Cask & Barrel

Dining News: How Cask & Barrel Are Succeeding When Others Have Failed


Cask & Barrel seems to have done the impossible - be a successful restaurant in a space where so many others have failed. Rick Kushman tells us how, in Comstocks Mag.

Cask & Barrel has 40 seats, and has been averaging about 75 people a night. The duo says there is a list of advantages that come with a smaller size, starting with the obvious: A slow night causes less financial damage.

First, it means fewer people on the floor and in the kitchen. When they opened in February, Cask & Barrel ran with two people cooking. Now they’re up to three. All are experienced chefs who’ve worked with Glasier before...

Second, the smaller size addresses a huge factor in any restaurant’s success — managing food costs. Cask & Barrel projects within a tighter range, and that slow night doesn’t leave crates of food spoiling in the walk-in cooler.

The menu is either small bites or shared dishes — no traditional entrees — which Flores says makes their costs more predictable, gives prices the air of affordability while actually driving the average check up, and keeps customers satisfied with the variety those dollars provided.

Read the entire story in Comstocks Mag.

Disclosure: Cask & Barrel advertises on Cowtown Eats. I also find the owners Gabriel Glasier and Kristel Flores a delightful couple and chose their event space to host a baby shower. If you haven't given their restaurant a try, you NEED to go. At a minimum, check out their happy hour.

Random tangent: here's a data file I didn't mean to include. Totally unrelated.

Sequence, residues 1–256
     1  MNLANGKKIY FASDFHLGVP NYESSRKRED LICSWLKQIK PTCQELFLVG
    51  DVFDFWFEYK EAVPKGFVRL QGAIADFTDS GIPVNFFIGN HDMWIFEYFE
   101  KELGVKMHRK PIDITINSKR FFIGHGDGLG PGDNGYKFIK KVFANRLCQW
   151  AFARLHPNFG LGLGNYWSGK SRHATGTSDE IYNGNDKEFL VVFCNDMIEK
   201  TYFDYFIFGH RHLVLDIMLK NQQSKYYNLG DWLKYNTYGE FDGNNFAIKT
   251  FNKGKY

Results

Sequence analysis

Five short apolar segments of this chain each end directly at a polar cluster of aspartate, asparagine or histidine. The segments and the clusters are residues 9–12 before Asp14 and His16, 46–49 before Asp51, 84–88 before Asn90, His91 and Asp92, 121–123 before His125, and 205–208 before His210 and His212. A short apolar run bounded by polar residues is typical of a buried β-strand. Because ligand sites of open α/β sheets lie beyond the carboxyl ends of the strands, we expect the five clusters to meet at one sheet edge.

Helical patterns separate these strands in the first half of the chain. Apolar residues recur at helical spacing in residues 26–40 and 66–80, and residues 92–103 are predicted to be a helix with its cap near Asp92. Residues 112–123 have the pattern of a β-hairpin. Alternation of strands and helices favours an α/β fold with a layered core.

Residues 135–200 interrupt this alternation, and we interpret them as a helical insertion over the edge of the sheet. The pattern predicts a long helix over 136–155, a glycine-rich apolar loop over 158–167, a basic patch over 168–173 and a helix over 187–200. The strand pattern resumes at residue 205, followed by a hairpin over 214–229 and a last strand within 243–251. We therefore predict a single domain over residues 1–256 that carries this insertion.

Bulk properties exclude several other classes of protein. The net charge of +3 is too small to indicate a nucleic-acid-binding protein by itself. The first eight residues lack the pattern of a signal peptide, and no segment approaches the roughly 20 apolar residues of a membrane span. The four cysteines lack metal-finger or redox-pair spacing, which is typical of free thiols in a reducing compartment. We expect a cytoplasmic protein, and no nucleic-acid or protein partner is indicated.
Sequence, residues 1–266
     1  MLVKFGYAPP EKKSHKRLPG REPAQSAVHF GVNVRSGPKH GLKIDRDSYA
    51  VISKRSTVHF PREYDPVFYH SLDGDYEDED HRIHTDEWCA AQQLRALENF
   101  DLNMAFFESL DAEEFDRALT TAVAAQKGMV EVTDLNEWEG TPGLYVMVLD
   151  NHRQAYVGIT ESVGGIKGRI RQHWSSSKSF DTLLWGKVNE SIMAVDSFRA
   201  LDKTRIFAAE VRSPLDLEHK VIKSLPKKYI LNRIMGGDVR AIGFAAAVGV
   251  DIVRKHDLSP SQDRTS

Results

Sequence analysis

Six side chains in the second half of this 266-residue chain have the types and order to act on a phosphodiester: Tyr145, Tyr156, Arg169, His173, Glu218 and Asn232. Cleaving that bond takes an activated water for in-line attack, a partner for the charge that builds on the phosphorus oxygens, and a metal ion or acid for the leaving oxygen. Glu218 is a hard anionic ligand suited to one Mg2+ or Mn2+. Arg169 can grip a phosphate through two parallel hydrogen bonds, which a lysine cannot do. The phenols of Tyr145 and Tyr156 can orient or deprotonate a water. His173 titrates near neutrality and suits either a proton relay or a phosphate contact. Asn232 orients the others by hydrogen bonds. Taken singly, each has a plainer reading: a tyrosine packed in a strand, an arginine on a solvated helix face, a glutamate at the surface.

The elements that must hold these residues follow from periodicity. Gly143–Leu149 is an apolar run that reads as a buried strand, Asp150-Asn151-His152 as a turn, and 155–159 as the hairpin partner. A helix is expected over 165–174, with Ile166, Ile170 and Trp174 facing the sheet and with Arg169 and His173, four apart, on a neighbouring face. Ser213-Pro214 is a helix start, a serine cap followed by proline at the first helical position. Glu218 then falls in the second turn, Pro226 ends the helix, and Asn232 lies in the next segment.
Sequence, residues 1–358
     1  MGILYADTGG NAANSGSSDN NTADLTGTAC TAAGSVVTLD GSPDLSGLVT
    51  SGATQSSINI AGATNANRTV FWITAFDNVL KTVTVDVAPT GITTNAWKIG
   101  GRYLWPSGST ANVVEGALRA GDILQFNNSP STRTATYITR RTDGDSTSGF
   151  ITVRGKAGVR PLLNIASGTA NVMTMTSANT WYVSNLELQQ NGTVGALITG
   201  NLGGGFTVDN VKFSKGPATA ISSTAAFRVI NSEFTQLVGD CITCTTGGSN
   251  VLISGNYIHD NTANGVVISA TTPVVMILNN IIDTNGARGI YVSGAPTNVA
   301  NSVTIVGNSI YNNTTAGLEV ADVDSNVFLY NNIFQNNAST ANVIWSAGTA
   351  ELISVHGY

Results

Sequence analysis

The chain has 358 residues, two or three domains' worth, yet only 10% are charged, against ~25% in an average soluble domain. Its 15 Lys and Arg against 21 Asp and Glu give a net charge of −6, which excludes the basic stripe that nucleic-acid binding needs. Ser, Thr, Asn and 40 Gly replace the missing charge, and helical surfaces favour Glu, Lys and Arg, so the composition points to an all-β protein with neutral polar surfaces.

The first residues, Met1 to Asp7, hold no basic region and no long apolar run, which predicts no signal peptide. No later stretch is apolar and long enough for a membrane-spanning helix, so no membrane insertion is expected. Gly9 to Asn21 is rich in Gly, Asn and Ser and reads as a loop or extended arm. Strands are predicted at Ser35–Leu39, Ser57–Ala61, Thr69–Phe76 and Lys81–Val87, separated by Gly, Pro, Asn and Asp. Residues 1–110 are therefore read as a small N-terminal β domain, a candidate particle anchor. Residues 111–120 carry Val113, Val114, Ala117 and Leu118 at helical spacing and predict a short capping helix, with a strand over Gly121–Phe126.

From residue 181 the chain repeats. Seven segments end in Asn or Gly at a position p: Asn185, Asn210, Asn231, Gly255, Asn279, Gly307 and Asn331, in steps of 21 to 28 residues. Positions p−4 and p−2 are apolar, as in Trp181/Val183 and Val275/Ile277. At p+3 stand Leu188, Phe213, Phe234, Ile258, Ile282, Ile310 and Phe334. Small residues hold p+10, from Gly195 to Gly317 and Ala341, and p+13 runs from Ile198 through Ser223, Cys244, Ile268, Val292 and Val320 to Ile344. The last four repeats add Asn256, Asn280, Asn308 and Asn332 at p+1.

Cask & Barrel is located at 1431 Del Paso Blvd. and can be found online at

For those who (like me) find Rick Kushman insightful, he also hosts a successful podcast Bottle Talk with co-host Paul Wagner. This is how they describe their show:

Wine does not have to be a mystery. It doesn’t need to make you feel you’re being tested to join some secret Skull & Bones Society. The stuff is, after all, wine. All you really need to know is how to get it open and which end of the glass to drink from. (We’re pretty sure it’s the open part.) Most of us drink it because it’s fun.

Learn more at

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Boiling Avenue - Arden-Arcade’s newest neighbor might just be the hottest thing on the block—literally. Open since September, Boiling Avenue specializes in personal Taiwanese hot pots. Antoinette Ranit in Sac Mag.